BMO closes the door on bitcoin businesses
19 February 2014 | 5008 views | 0
Bank of Monetral is closing all bitcoin-related business accounts across Canada in the wake of hostile comments from government ministers on the threats posed by emerging crypto-currencies.
BMO's move to distance itself from bitcoin businesses was revealed by Vancouver-based exchange Cointrader.
"We were informed this morning by our bank that the last remaining Bitcoin-friendly charter bank, Bank of Montreal, is closing all Bitcoin-related business accounts across Canada," explains Cointrader co-founder and CTO Paul Szczesny. "Despite the fact that Cointrader has already implemented an anti-money laundering regime to comply with potential Fintrac regulations which was vetted by BMO itself, the bank has decided to sever our account as well."
Szczesny blames the decision on recent statements by Canadian finance minister Jim Flaherty, who singled out bitcoin as a threat to financial stability.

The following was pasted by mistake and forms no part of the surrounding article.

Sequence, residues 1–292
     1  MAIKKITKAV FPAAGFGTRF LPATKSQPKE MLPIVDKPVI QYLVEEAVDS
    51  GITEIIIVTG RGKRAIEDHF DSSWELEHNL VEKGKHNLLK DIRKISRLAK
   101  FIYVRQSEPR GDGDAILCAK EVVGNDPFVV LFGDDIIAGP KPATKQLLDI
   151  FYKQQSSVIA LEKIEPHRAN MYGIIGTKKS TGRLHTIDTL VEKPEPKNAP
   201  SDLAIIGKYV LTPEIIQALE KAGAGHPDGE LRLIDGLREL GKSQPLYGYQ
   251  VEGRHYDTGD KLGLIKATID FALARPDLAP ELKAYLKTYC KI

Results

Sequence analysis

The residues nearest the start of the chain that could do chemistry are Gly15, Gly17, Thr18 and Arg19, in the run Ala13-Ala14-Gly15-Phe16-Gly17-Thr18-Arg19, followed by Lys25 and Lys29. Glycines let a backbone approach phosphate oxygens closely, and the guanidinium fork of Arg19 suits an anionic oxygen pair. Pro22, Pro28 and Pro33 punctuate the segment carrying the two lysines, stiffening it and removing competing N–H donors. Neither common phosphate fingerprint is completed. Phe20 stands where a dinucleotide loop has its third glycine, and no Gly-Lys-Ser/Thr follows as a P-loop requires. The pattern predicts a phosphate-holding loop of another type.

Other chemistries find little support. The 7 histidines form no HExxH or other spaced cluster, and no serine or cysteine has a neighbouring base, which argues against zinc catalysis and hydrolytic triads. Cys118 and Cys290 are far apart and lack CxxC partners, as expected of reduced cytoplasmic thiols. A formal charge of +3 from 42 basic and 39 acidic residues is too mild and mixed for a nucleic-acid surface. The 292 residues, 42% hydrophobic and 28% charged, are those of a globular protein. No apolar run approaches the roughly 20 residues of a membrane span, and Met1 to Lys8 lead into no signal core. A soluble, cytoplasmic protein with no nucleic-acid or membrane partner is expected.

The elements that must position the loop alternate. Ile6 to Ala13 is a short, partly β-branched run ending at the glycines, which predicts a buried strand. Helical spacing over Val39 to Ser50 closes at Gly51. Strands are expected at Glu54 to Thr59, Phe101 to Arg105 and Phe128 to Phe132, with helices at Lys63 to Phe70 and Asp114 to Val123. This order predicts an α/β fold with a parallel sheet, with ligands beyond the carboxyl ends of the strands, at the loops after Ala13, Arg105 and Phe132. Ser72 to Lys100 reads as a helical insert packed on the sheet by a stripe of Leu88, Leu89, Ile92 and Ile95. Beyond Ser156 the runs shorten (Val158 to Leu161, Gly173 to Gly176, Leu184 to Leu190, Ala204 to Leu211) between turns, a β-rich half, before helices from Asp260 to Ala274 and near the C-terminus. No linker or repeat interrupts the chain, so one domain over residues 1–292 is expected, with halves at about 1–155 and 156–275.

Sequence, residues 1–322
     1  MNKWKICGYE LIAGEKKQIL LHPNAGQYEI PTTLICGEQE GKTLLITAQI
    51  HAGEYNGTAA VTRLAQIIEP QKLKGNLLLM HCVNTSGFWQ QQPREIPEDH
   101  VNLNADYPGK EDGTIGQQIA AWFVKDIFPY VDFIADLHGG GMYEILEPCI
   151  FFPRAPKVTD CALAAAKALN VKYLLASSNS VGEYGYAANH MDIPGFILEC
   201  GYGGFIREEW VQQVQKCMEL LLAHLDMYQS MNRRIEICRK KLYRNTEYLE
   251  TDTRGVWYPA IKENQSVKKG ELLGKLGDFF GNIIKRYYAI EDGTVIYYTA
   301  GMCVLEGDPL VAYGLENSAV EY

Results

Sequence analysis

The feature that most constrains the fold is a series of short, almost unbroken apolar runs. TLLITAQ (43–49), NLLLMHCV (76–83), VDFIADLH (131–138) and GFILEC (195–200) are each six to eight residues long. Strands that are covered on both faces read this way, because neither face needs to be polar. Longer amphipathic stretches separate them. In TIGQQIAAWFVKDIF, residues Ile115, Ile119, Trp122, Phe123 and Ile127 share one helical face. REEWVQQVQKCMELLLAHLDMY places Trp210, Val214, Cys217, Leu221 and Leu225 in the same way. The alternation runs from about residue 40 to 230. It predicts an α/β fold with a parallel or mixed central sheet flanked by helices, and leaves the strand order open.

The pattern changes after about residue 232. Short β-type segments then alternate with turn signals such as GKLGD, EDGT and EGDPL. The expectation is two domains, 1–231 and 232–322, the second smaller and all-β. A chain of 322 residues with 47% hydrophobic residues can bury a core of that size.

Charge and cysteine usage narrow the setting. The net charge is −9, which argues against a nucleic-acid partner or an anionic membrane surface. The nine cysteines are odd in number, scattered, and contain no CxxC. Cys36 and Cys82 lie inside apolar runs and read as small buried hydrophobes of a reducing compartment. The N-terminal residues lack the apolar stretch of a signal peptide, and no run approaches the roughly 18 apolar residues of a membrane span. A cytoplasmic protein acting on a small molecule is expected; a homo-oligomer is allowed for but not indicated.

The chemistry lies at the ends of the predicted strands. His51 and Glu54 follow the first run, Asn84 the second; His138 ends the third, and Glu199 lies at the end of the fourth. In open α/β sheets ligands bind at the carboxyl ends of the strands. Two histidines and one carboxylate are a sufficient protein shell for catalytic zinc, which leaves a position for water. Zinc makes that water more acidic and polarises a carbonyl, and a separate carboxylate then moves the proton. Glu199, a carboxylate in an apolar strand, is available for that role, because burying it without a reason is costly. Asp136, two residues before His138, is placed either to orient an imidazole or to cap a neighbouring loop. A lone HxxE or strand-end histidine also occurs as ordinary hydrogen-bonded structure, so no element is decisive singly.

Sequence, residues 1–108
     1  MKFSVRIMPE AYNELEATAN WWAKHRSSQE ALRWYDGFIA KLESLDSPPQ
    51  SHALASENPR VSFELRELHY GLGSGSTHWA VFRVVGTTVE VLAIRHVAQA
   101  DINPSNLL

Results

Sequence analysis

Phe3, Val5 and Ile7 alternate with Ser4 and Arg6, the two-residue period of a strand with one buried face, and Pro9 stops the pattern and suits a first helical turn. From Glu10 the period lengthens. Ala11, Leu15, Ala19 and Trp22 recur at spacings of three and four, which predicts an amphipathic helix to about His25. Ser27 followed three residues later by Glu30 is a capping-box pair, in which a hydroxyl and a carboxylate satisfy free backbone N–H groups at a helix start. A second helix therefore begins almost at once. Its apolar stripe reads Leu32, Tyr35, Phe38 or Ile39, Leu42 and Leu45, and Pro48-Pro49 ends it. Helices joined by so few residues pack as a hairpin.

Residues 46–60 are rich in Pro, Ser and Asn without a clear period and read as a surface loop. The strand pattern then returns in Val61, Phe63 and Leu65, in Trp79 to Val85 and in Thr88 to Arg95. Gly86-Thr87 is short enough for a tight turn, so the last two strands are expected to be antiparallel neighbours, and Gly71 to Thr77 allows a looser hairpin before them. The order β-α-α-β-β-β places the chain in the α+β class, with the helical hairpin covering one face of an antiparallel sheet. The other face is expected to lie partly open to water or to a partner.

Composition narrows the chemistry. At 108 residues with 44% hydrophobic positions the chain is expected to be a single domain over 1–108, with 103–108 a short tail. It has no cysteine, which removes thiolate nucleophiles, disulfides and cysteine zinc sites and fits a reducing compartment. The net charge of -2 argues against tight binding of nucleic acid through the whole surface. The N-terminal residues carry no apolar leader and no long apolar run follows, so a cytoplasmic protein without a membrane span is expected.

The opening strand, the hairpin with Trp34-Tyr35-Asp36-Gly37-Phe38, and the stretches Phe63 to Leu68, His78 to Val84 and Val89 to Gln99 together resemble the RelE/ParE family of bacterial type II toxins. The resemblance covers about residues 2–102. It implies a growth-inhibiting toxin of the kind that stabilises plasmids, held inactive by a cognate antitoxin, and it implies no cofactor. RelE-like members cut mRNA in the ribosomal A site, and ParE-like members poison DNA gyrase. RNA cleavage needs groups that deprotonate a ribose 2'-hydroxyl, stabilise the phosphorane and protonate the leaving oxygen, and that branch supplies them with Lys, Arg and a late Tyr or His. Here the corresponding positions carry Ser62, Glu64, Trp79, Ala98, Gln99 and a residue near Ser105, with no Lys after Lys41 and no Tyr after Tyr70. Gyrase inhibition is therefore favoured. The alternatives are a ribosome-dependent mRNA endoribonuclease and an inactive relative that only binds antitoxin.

"It is important to continually improve Canada's regime to address emerging risks," said Flaherty, "including virtual currencies such as bitcoin, that threaten Canada's international leadership in the fight against money laundering and terrorist financing."
The removal of bank support is a crushing blow for Cointrader, which earlier this week announced plans to locate new bitcoin ATMs in Singapore and London. The firm - which has grown from a three-person operation to a business employing ten staff in less than six months - is also working on POS systems, secure storage, and a hardware project.
"As a result of these recent events, we are being forced to consider relocating our headquarters to a more innovative jurisdiction where dubious fear-mongering does not pre-emptively close doors on the entrepreneurial spirit," says Szczesny. "If Canada continues it's negative stance, and chooses not to help this thriving economy grow in accordance with the law, then we will be forced to relocate to more forward-thinking economies which are able to encourage innovation while also effectively deterring criminal behaviour."
In the interim, he says, the business will continue operations as normal as it explores alternative banking arrangements. "We do not expect any downtime," says Szczesny.